Katie Lee, Linlithgow, Scotland

I am not a Catholic, but surely the whole point of a religion is to faithfully follow a particular set of beliefs. For a Catholic to go against those beliefs (for example on abortion or birth control) because they are antithetical to modern secular thought is not being liberal; it is being unfaithful. What matters is that those beliefs are not forced onto others, and that those who go against them are treated compassionately and with understanding. However, the beliefs should remain the same, otherwise you might as well give up on religion altogether.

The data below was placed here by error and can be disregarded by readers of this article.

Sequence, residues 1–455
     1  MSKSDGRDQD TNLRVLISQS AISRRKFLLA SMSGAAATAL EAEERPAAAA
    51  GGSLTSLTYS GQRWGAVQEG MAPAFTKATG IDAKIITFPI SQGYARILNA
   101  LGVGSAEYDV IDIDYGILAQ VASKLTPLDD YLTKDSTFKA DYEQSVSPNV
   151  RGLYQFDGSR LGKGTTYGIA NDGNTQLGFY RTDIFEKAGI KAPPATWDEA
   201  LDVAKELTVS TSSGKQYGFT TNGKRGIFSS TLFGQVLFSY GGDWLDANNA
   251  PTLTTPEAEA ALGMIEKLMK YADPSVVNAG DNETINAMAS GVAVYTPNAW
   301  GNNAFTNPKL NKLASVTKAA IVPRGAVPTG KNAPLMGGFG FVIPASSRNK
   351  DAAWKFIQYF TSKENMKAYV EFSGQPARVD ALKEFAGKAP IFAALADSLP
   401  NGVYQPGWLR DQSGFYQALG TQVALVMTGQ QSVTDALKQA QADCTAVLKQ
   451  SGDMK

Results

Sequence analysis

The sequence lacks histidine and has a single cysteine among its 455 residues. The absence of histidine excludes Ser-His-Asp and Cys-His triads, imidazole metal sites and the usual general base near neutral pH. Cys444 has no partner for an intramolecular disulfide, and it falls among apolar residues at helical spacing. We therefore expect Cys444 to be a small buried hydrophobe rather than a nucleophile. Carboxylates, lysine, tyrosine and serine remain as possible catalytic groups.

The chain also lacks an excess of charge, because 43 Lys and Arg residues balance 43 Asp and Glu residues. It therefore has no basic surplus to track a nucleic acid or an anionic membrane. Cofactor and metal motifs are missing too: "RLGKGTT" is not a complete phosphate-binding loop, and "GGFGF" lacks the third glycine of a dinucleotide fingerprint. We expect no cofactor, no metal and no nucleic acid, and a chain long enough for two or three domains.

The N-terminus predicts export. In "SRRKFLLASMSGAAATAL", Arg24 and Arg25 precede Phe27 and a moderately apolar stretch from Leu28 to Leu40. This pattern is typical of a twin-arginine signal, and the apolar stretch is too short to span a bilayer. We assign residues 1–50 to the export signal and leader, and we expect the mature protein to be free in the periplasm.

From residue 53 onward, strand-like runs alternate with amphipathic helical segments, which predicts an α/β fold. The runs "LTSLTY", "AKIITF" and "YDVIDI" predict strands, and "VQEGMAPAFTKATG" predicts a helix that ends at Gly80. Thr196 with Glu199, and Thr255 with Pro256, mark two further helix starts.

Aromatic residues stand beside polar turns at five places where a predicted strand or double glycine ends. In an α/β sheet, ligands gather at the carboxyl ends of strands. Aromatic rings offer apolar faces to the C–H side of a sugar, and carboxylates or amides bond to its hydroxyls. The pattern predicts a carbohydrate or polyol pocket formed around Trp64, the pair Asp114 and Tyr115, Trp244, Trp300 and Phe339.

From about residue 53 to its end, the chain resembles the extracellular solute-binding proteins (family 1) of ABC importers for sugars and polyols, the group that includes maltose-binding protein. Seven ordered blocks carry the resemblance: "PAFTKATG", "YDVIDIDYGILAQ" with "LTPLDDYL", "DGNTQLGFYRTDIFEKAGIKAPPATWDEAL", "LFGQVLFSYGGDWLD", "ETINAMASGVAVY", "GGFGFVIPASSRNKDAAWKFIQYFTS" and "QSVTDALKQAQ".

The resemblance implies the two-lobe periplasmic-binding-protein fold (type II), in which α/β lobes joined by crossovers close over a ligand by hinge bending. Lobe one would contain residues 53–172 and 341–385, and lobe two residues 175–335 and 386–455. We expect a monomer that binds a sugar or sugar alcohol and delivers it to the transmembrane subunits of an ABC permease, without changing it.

Matthew Wentworth, London

Does anybody really think that Aids in Africa or anywhere else will be reduced if the Church reverses or softens its stance on artificial birth control? Infection continues, despite the ubiquitous "condomise" message. The Pope has a fairly small following in Africa, and his advice to abstain has so far been roundly ignored in many places. I doubt that there are many ears straining for his next word. People only listen to what they want to hear: clearly, neither abstinence nor condoms are it. Stop looking for scapegoats and go back to the drawing board.
Sean, Cape Town, South Africa

The election of Cardinal Ratzinger as pope will only benefit the Catholic flock if he is ready to change the view held on birth control and abortion. He must wake up and smell the coffee.
Onika James, Arima, Trinidad and Tobago, West Indies